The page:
DHS Issues Warning About Cybersecurity Vulnerabilities in Wireless Infusion Pumps | Healthcare Informatics Magazine | Health IT | Information Technology Skip to content Skip to navigation

DHS Issues Warning About Cybersecurity Vulnerabilities in Wireless Infusion Pumps

September 12, 2017
by Heather Landi
| Reprints

The U.S. Department of Homeland Security’s Industrial Control Systems Cyber Emergency Response Team (DHS ICS-CERT) last week issued an advisory outlining eight vulnerabilities in Smiths Medical’s Medfusion 4000 Wireless Syringe Infusion Pump.

The vulnerabilities, identified by independent researcher Scott Gayou, could be exploited remotely, according to DHS ICS-CERT. “Successful exploitation of these vulnerabilities may allow a remote attacker to gain unauthorized access and impact the intended operation of the pump. Despite the segmented design, it may be possible for an attacker to compromise the communications module and the therapeutic module of the pump,” the agency wrote. “Impact to individual organizations depends on many factors that are unique to each organization. ICS-CERT recommends that organizations evaluate the impact of these vulnerabilities based on their operational environment and specific clinical usage.”

Smiths Medical is planning to release a new product version to address these vulnerabilities in January, 2018. In the interim, NCCIC/ICS-CERT is recommending that users apply the identified compensating controls until the new version can be applied.

According to the advisory, Smiths Medical recommends users apply the following defensive measures:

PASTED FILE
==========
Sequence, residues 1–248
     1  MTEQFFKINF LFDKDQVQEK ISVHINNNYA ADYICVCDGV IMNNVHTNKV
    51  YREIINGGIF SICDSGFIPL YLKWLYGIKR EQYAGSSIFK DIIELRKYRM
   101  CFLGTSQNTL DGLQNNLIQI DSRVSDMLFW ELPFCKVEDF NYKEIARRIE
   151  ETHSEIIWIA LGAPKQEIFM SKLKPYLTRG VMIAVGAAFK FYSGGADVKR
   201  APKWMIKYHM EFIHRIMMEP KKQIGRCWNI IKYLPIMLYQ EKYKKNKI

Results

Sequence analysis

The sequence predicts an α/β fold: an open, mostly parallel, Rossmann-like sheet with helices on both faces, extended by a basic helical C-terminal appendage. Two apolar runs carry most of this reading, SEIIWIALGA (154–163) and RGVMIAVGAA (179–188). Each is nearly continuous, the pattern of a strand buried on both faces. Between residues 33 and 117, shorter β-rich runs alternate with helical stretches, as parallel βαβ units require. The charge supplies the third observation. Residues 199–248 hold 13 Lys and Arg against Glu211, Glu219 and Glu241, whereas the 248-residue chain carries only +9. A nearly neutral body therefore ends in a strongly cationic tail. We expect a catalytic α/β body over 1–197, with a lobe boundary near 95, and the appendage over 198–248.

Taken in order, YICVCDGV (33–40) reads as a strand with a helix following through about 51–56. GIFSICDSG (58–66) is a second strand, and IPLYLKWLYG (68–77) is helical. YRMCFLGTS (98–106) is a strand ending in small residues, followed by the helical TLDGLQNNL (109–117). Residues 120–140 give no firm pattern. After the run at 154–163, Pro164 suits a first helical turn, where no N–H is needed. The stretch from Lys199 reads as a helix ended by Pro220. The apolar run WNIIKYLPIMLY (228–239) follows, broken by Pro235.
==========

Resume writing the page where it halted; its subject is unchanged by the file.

• Assign static IP addresses to the Medfusion 4000 Wireless Syringe Infusion Pump.
  • Monitor network activity for rogue DNS and DHCP servers.
  • Ensure network segments which the Medfusion 4000 medical infusion pumps are installed are segmented from other hospital and clinical information technology infrastructure.
  • Consider network micro segmentation.
  • Consider use of network virtual local area networks (VLANs) for the segmentation of the Medfusion 4000 medical infusion pumps.
  • Apply proper password hygiene standards across systems (i.e., use uppercase, lowercase, special characters, and a minimum character length of eight).
  • Do not re-use passwords.
  • Routinely take backups and perform routine evaluations.

 

2018 Seattle Health IT Summit

Renowned leaders in U.S. and North American healthcare gather throughout the year to present important information and share insights at the Healthcare Informatics Health IT Summits.

October 22 - 23, 2018 | Seattle


/news-item/cybersecurity/dhs-issues-warning-about-cybersecurity-vulnerabilities-wireless-infusion
/news-item/cybersecurity/phishing-attack-georgia-health-system-may-have-exposed-400k-patients-data

Phishing Attack at Georgia Health System May Have Exposed 400K Patients’ Data

August 20, 2018
by Heather Landi, Associate Editor
| Reprints
Click To View Gallery

Augusta University Health System, based in Augusta, Georgia, has reported that a phishing attack on email accounts that occurred last fall may have led to the unauthorized access of protected health information (PHI) of approximately 417,000 individuals.